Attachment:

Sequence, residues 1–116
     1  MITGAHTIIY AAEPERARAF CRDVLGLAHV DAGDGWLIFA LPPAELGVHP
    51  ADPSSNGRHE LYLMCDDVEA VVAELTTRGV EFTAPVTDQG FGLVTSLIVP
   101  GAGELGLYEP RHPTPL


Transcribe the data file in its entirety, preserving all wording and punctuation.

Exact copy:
Sequence, residues 1–116
     1  MITGAHTIIY AAEPERARAF CRDVLGLAHV DAGDGWLIFA LPPAELGVHP
    51  ADPSSNGRHE LYLMCDDVEA VVAELTTRGV EFTAPVTDQG FGLVTSLIVP
   101  GAGELGLYEP RHPTPL